The original Stockholm hostages

The original Stockholm hostages

My alter(ed) ego, as part of his role in hosting a fiction series at Philadelphia’s Musehouse, has been reading new novels by two interesting authors. Liz Moore’s Heft (W. W. Norton) focuses on a housebound ex-professor who weighs more than 500 pounds—a grotesqueness that I thought would put me off. Overall, there are too many characters in contemporary fiction who don’t resemble anyone I know. It turns out, though, that hefty Arthur Opp isn’t grotesque at all, not in ways that count; he’s extremely human and decent and has a fine appreciation for the finer things in life, including but not limited to crab rangoons (“a crunch followed by lush bland creaminess”). He’s a good man whose story of lost love and found friendship grows more fascinating as it proceeds.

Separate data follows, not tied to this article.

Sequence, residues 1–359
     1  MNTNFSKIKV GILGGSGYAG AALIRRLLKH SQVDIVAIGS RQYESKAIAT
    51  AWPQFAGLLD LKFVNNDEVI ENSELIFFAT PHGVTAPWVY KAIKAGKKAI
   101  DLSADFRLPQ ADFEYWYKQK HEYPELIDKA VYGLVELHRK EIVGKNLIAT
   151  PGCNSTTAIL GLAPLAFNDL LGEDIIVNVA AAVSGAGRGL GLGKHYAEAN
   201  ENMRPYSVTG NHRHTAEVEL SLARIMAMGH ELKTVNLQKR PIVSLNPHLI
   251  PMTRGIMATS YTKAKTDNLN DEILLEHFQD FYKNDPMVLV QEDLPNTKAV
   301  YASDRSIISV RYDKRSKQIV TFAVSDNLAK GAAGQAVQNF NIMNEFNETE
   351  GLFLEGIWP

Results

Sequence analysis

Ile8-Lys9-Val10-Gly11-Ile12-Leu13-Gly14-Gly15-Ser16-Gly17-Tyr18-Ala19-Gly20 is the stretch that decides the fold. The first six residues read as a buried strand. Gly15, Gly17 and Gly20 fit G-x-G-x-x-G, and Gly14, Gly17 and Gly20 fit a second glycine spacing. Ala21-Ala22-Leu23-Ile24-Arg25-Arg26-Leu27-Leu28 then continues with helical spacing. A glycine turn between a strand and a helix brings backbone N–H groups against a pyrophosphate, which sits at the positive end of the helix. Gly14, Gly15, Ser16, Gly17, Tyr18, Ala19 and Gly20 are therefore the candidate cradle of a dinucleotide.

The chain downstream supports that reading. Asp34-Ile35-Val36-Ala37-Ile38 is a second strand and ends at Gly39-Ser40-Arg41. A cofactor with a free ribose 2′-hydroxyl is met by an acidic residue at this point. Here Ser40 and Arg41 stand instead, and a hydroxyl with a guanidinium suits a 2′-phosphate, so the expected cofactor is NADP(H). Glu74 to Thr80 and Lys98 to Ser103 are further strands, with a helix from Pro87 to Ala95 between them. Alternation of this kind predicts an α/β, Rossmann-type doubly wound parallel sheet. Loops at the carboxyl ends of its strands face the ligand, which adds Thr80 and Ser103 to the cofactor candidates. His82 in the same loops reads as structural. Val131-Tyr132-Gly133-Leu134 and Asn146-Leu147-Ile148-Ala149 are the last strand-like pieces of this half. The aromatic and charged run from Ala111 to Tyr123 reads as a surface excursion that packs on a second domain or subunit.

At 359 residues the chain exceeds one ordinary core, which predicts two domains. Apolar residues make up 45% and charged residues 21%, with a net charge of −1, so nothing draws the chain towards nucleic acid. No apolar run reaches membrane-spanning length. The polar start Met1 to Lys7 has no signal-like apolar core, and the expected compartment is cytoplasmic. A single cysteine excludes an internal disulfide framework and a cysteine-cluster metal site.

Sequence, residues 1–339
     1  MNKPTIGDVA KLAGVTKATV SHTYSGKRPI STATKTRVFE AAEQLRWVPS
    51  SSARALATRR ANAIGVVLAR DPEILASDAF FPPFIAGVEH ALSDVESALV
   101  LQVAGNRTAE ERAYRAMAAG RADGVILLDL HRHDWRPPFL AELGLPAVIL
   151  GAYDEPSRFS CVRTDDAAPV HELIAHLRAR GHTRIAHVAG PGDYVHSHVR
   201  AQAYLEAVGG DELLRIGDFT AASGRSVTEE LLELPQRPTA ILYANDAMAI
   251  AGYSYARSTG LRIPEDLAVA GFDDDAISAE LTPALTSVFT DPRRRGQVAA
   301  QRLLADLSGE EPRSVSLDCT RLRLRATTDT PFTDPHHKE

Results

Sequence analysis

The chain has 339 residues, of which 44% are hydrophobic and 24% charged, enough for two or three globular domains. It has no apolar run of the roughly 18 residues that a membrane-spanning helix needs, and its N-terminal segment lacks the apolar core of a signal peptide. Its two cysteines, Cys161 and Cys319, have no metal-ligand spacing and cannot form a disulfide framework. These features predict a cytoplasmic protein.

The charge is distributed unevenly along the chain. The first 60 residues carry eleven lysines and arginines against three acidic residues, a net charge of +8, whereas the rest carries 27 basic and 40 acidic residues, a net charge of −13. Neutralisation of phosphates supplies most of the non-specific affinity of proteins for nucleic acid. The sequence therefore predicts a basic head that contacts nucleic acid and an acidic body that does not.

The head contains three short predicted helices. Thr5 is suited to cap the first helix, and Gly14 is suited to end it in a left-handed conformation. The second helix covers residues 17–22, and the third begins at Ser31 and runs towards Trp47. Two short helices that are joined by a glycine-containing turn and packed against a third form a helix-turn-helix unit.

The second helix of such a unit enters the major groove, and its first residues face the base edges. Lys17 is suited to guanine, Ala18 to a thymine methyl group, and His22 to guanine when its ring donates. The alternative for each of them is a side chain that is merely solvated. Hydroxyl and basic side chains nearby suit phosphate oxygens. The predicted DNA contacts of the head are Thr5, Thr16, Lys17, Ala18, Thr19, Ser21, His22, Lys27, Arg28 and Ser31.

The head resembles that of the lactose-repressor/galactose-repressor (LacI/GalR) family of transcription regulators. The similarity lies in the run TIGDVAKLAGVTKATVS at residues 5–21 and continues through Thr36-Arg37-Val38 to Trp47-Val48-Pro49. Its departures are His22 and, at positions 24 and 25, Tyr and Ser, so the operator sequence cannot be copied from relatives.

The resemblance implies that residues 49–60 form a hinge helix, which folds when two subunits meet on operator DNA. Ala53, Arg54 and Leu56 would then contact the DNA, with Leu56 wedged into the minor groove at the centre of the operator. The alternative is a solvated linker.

Very different but equally entertaining is Marc Schuster’s The Grievers (The Permanent Press), the tale of a prep-school graduate who arranges a memorial event for a classmate who has committed suicide. Marc satirizes every institution in contemporary America from schools to banks to chain restaurants, and his main character, Charley Schwartz, is a smart-ass who never had a good intention he couldn’t undermine with stupid comments. But Charley, like Arthur, grows on the reader, and once he has slashed away everyone’s pretenses, including his own, he finds a way to connect with people at the end.

My alter(ed) ego did an interview with Liz and Marc for the Musehouse blog. You can find it here. They will be reading and schmoozing at Musehouse on May 19 at 7:00.

Among numerous interesting points in the interview, one that jumped out at me was Marc’s comment about the dangers of first-person narration: